Genetic Models in Applied Physiology. Differential role of nitric oxide synthase isoforms in fever of different etiologies: studies using Nos gene-deficient mice.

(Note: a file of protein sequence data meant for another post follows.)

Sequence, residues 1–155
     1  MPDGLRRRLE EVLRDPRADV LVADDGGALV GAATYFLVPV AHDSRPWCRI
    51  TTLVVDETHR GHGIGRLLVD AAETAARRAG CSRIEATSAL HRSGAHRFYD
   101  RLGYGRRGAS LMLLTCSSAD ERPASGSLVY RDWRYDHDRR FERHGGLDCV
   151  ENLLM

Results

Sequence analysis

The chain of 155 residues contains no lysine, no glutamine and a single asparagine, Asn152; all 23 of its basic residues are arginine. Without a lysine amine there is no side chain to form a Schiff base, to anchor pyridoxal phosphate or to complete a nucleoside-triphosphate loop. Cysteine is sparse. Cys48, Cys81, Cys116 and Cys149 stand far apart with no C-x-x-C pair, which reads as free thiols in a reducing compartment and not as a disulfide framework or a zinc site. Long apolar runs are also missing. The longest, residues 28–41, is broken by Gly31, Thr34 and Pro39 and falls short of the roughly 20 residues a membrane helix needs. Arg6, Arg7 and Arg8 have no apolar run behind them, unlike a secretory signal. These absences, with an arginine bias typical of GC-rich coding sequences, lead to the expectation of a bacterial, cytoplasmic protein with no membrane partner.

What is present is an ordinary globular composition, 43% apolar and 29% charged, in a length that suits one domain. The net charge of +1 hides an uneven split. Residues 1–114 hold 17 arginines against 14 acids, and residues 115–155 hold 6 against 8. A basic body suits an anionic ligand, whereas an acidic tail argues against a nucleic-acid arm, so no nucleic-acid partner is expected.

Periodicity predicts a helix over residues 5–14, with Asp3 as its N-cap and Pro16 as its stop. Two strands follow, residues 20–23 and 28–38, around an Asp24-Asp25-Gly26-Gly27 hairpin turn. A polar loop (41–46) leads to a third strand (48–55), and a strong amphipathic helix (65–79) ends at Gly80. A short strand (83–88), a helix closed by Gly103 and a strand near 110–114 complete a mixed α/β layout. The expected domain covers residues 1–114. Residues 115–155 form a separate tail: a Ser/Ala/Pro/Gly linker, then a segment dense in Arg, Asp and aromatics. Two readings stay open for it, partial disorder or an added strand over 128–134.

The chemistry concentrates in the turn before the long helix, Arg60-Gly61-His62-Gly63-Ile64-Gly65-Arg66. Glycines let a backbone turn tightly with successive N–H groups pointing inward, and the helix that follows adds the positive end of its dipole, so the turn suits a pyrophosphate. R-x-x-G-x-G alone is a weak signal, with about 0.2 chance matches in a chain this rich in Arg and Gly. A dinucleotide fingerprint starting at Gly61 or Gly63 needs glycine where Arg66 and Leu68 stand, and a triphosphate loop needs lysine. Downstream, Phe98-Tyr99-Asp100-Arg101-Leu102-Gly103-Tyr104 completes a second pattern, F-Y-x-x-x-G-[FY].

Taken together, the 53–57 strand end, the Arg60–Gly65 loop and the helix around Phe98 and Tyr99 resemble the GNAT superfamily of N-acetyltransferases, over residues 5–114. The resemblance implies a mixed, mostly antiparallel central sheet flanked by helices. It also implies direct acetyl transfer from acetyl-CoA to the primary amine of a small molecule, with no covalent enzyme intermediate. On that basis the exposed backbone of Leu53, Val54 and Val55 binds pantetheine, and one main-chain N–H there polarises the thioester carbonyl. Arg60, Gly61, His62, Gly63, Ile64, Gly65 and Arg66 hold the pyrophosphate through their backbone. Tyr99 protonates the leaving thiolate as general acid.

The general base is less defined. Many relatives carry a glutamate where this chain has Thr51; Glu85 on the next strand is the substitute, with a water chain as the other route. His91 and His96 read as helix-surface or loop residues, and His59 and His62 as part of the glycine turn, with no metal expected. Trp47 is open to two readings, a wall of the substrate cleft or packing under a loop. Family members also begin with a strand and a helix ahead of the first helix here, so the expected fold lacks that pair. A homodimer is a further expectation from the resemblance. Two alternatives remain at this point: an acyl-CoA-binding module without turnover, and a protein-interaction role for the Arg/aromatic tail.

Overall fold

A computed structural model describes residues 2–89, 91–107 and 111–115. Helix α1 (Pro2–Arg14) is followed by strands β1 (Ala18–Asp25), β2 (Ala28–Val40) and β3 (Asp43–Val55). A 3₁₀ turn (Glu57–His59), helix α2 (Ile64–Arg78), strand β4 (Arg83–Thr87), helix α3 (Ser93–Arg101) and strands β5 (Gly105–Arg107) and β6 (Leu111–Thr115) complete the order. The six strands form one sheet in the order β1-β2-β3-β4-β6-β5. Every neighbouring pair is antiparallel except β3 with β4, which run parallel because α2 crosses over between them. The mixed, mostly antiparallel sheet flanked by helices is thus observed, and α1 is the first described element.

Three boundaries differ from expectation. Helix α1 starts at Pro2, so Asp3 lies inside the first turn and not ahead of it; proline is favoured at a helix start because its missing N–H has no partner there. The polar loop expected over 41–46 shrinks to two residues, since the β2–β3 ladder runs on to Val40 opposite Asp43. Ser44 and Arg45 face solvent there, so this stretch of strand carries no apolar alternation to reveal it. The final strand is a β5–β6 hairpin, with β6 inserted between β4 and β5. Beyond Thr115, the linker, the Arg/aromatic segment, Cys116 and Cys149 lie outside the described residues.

Abstract Male C57BL/6J mice deficient in nitric oxide synthase (NOS) genes (knockout) and control (wild-type) mice were implanted intra-abdominally with battery-operated miniature biotelemeters (model VMFH MiniMitter, Sunriver, OR) to monitor changes in body temperature. Intravenous injection of lipopolysaccharide (LPS; 50 microg/kg) was used to trigger fever in response to systemic inflammation in mice. To induce a febrile response to localized inflammation, the mice were injected subcutaneously with pure turpentine oil (30 microl/animal) into the left hindlimb. Oral administration (gavage) of N(G)-monomethyl-l-arginine (l-NMMA) for 3 days (80 mg. kg(-1). day(-1) in corn oil) before injection of pyrogens was used to inhibit all three NOSs (N(G)-monomethyl-d-arginine acetate salt and corn oil were used as control). In normal male C57BL/6J mice, l-NMMA inhibited the LPS-induced fever by approximately 60%, whereas it augmented fever by approximately 65% in mice injected with turpentine. Challenging the respective NOS knockout mice with LPS and with l-NMMA revealed that inducible NOS and neuronal NOS isoforms are responsible for the induction of fever to LPS, whereas endothelial NOS (eNOS) is not involved. In contrast, none of the NOS isoforms appeared to trigger fever to turpentine. Inhibition of eNOS, however, exacerbates fever in mice treated with l-NMMA and turpentine, indicating that eNOS participates in the antipyretic mechanism. These data support the hypothesis that nitric oxide is a regulator of fever. Its action differs, however, depending on the pyrogen used and the NOS isoform.

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